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How Does Your Body Actually Burn Fat?

Sweat is dripping down your forehead. Your muscles are warm and burning. Pacing around the gym, you work to catch your breath. It was a good workout.

The stair climber says you burned 200 calories. Your cardio boxing instructor states his class torches 1,000 calories in an hour. The smart watch on your wrist buzzes to congratulate you on meeting your calorie goal for the day. Another victory against fat.

But what actually happens to the fat you burned? Where does it go?

Fat cells primarily exist to store energy. This energy is in the form of fatty acid molecules. When we go from a caloric surplus (consuming more calories than we burn on a daily basis) to a caloric deficit (consuming fewer calories than we burn on a daily basis), our body both burns fat cells by depleting their stores of fatty acids and also ceases to create new ones.

But where does the “burnt” fat go?

There are a number of theories and misconceptions as to where the fat goes as we work out. Some would say it mostly leaves the body through sweat. Or that it goes away as some ambiguous “energy.” Or that when we flush the toilet, those stubborn fat cells leave along with last night’s dinner. Or that the fat is converted to muscle.

The real answer is a simple chemistry equation. From an article published on the topic in the British Medical Journal:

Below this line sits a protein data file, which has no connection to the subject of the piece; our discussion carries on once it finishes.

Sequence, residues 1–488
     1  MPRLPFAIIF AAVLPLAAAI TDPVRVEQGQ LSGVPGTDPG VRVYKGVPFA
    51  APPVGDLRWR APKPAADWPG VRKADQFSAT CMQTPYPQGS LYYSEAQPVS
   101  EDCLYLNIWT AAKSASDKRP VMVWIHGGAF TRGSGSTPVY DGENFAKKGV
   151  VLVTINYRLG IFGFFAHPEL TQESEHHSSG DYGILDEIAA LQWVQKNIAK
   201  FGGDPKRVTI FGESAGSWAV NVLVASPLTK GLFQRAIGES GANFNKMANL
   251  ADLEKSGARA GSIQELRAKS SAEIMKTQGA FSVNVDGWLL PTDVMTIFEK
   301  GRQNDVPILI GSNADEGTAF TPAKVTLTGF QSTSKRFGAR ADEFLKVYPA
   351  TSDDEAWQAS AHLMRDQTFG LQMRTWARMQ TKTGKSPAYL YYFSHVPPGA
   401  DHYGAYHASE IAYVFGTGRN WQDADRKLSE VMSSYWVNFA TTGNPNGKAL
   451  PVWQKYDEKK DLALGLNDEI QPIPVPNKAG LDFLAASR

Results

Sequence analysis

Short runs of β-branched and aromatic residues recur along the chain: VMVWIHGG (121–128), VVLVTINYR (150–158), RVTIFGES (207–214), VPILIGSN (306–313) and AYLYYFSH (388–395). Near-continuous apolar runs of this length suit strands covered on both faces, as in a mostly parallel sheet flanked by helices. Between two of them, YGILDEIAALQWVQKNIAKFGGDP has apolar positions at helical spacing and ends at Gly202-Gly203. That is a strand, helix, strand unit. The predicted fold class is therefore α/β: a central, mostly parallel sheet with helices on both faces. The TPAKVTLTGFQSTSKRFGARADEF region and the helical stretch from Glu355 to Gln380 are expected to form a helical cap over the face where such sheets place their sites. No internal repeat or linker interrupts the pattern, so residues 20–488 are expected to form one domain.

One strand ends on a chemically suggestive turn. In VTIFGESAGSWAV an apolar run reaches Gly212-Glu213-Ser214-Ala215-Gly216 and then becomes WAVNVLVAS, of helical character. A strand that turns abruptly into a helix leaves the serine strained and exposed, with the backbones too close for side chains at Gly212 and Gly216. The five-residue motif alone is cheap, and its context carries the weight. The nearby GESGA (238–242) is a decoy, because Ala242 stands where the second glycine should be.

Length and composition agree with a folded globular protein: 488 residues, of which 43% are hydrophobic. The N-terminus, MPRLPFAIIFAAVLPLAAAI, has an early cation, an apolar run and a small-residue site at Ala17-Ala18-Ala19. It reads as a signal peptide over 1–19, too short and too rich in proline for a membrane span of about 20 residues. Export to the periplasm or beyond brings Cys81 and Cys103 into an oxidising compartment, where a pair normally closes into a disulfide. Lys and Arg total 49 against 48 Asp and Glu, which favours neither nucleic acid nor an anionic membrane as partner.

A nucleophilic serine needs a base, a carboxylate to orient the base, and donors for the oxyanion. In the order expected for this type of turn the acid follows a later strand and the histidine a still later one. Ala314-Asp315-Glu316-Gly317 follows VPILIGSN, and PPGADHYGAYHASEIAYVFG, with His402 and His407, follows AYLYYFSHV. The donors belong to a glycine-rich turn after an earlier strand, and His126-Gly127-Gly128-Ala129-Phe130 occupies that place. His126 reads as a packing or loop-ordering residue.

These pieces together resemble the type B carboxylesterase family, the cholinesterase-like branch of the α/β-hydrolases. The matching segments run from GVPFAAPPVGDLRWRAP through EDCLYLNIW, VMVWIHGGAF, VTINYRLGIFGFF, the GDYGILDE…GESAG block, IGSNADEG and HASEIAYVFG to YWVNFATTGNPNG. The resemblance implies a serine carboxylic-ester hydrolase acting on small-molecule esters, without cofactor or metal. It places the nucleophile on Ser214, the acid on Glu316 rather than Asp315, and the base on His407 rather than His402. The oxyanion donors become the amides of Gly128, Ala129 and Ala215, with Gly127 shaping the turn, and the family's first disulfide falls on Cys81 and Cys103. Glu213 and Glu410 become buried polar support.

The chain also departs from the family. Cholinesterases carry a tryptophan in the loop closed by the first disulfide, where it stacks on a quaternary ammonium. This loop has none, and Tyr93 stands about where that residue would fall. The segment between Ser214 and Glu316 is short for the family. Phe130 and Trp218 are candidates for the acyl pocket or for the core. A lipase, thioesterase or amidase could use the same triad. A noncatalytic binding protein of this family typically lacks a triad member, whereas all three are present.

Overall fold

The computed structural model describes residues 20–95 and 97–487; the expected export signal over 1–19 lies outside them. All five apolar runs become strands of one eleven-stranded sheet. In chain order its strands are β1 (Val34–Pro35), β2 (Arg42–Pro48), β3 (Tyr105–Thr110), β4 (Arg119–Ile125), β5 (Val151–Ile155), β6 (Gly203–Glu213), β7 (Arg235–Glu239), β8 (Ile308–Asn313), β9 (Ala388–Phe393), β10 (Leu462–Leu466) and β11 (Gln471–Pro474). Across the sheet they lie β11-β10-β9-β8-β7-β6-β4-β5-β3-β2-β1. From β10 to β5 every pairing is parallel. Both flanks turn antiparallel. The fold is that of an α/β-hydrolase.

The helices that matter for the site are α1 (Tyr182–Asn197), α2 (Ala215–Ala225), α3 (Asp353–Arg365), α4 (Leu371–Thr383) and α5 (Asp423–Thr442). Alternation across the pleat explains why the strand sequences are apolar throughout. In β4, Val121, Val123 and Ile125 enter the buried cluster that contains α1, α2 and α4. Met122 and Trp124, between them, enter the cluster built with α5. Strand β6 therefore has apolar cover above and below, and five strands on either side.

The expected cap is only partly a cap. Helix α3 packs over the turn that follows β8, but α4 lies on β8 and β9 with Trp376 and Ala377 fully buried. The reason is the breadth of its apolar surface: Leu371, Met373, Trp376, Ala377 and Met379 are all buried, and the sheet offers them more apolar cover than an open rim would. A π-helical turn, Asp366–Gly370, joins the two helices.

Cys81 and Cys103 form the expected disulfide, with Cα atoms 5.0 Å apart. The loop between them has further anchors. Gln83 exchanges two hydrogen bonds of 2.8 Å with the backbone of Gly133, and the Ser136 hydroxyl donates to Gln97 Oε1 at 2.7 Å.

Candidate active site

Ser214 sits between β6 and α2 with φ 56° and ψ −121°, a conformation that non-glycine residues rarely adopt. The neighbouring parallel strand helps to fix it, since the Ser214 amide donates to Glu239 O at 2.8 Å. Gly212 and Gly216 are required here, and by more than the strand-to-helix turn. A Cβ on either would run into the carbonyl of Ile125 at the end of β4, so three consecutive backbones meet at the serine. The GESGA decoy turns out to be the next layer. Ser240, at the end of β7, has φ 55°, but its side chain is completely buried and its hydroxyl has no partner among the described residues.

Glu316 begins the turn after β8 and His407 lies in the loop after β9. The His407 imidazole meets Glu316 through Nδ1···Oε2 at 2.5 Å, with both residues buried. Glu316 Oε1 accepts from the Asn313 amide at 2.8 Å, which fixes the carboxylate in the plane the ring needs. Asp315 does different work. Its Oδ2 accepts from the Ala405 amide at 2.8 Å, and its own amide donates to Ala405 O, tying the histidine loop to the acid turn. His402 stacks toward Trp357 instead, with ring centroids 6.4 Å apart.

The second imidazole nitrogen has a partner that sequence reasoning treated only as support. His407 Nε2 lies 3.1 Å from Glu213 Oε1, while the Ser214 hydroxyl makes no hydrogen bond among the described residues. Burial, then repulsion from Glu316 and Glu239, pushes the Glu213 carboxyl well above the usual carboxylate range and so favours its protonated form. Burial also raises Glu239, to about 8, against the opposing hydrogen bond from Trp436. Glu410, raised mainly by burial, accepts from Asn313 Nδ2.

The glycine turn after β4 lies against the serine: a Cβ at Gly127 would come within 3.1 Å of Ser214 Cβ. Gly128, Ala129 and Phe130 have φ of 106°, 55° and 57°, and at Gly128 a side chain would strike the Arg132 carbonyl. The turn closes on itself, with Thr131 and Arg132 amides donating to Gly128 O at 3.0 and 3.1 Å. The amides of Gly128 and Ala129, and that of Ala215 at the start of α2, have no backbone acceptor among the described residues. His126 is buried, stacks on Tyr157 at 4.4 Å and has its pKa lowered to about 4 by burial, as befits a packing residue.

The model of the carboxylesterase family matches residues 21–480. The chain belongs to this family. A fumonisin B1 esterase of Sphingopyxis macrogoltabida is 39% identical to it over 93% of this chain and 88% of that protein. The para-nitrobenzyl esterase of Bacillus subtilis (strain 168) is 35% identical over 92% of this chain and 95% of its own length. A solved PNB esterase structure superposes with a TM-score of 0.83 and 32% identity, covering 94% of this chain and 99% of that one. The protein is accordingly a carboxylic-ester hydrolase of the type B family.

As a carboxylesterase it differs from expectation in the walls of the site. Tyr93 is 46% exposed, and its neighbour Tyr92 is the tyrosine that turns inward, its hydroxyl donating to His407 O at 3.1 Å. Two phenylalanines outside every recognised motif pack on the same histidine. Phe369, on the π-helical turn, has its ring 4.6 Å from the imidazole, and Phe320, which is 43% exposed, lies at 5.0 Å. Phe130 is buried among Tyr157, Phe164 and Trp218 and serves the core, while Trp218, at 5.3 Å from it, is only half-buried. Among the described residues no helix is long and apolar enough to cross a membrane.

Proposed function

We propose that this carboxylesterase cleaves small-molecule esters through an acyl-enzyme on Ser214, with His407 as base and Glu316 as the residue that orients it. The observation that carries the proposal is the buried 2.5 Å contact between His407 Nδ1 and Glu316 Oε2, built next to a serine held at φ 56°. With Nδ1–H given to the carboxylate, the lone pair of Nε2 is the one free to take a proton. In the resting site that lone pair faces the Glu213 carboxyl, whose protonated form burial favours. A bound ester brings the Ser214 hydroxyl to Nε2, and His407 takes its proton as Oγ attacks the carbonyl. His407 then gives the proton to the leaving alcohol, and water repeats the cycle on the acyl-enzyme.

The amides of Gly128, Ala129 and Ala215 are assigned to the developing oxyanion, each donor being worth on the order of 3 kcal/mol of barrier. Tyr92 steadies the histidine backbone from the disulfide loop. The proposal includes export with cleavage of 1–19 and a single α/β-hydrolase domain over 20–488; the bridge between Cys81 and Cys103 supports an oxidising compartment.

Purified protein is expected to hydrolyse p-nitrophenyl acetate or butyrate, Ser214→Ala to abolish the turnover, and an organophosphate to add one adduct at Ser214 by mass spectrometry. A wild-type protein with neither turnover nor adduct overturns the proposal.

In simpler terms, (fat) + (inhaled oxygen) → (carbon dioxide) + (water). For our purposes, there’s no reason to make the fat-burning process more complicated than that.

Bottom line: We mostly breathe the fat away! 84% of fat is exhaled as carbon dioxide. The other 16% of fat is excreted as water via bodily fluids like urine, sweat, tears, etc.

For example, say someone lost 10 kilograms of fat over a period of time. 8.4 kilograms of those pounds were actually exhaled away as carbon dioxide. The remaining 1.6 kilograms left their body as water through sweat, urine, feces, etc.

A diagram from the aforementioned study showing how fat is “lost”

But simply breathing more does not guarantee greater fat loss. The key is putting yourself in a consistent caloric deficit. Otherwise, your body has little incentive to burn fat. Ultimately, your diet is going to be the most important factor in achieving a caloric deficit. Food makes up 100% of the calories that go into your body. Exercise accounts only for about 10-25% of the calories that leave it. So while doing exercise that elevates your heart rate and has you “breathing hard” is certainly helpful, it’s not the golden ticket to weight loss. This is why you should be weary of any one workout, food or supplement that guarantees fat burning yet doesn’t account for the other aspects of your lifestyle.

It is simple science and mathematics. Want to lose weight? Eat less. Move more. Breathe.

Interested in learning more about the simple science behind fat loss? Check out “The Mathematics of Weight Loss,” a TEDxQUT talk by Ruben Meerman: